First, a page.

David was an expert on fear. That’s not a badge I ever want to wear, but we can learn a lot from a man who has earned his. His psalms reflect a life plagued with pursuit and hiding, but also protection and provision. While hiding in the crags of rocks and crying out to God to end his enemy’s pursuit, he shares with us a beautiful picture of his trust in the LORD. When faced with calamity, fear is our body’s default emotion. We’ve all heard of the body’s “fight or flight” response, but when an extreme immediate response is not required, our body’s reaction to calamity is oftentimes what we could call the antiheroic “worry and doubt” response. Fear comes naturally, but doesn’t have to overcome us.
The wise Proverb 3:5 instructs us to trust in the LORD with all of our heart and not to lean on our own understanding. But how do we apply this to fear? Our own human understanding of a situation would tell us to fear, yet if we are trusting God with our whole heart, there is no more room for fear to reside. So then, fear must leave and be replaced by God’s assurance and peace. The rest of the proverb tells us to acknowledge God in all our ways and he will make our path straight. Sure, we may feel fearful as our body receives information and sorts it into good and bad, but as believers, we have the privilege of being lifted out of the chains that fear locks around our body, mind, and heart. There is peace and assurance in a path that is straight and well marked. Even when we can’t see all the steps to the path, we can follow our God who knows the path. David knew this and trusted God because he understood God’s love for him. In psalm 17:6 David says with assurance, “I call on you my God, for you will answer me; turn your ear to me and hear my prayer.” He proclaimed in psalm 17 verse 7 that God saves those who take refuge in God, and in verse 8 David gave us a beautiful picture of God’s love and protection. “Keep me as the apple of your eye; hide me in the shadow of your wings” (psalm 17:8).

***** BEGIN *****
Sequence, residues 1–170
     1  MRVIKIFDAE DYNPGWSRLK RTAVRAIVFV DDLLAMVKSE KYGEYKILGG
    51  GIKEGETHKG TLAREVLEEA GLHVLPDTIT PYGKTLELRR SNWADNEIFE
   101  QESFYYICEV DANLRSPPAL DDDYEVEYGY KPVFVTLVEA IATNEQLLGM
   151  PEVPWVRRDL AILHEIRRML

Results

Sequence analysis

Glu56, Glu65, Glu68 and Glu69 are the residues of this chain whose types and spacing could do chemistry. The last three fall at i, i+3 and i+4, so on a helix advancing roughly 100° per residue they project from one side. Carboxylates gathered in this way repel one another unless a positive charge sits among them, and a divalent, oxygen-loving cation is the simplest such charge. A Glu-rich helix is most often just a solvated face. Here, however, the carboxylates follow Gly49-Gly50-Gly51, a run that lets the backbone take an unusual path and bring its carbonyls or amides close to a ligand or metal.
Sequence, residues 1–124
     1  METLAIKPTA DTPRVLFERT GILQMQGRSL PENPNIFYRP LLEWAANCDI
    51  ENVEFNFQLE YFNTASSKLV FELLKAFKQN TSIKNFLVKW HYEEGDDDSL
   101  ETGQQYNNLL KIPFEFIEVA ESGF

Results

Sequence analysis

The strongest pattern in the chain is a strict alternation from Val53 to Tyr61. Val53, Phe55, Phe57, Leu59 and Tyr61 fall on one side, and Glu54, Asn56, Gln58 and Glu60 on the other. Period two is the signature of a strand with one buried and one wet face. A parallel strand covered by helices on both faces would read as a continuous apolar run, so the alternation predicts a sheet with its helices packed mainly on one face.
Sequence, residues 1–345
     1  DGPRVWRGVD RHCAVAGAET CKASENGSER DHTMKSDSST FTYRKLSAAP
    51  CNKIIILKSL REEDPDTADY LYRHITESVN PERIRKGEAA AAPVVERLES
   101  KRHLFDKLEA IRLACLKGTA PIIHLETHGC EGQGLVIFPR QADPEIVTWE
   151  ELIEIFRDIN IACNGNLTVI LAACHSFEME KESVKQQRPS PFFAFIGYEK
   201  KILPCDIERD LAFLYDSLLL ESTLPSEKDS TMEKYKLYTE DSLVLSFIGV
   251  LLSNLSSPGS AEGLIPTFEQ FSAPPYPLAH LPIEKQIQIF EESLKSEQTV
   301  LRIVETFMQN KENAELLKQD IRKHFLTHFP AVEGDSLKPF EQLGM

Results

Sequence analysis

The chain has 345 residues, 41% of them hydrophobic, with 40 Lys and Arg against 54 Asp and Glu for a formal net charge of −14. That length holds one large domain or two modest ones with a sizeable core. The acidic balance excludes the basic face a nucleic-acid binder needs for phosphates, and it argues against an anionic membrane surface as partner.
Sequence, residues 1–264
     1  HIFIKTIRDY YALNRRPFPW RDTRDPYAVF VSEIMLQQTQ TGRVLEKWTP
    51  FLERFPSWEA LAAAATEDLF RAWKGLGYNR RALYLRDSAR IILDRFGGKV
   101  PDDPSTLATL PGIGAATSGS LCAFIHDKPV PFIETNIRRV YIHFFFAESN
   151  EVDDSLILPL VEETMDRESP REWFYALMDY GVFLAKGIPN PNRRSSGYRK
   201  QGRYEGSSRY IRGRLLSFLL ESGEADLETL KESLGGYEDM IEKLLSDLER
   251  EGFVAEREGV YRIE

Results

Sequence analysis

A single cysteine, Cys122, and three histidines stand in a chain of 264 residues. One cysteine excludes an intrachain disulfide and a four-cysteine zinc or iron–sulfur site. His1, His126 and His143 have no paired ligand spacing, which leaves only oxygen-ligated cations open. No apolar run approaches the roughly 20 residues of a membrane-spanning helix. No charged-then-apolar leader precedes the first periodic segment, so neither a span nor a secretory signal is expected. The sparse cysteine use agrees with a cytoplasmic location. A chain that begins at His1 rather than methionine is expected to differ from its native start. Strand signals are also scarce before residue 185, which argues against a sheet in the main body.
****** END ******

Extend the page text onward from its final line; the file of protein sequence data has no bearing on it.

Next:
Do you think of yourself as the apple of God’s eye? David was and so are you and I. What a sweet picture of God’s love, but also one of God’s fierce protection of his people. We use the familiar idiom in today’s language often to describe a favorite, but the idiom is also used in the Hebrew language and holds further rich description.
The Hebrew idiom translates literally as “the little man of the eye,” and points anatomically to the of the pupil of the eye. If you were to look into the pupil someone’s eye, you would see the shape of yourself, a “little man” in the dark pupil. Look into your own eye with a mirror in good lighting and you will see your image staring back at yourself. More importantly, the pupil is responsible for vision and has to be carefully protected. God tells of his people in Zechariah 2:8, “…whoever touches you, touches the apple of my eye.” Moses proclaimed of God’s chosen people in Deuteronomy 32:10, “He shielded him and cared for him; he guarded him as the apple of his eye.” Continue reading “The apple of His eye”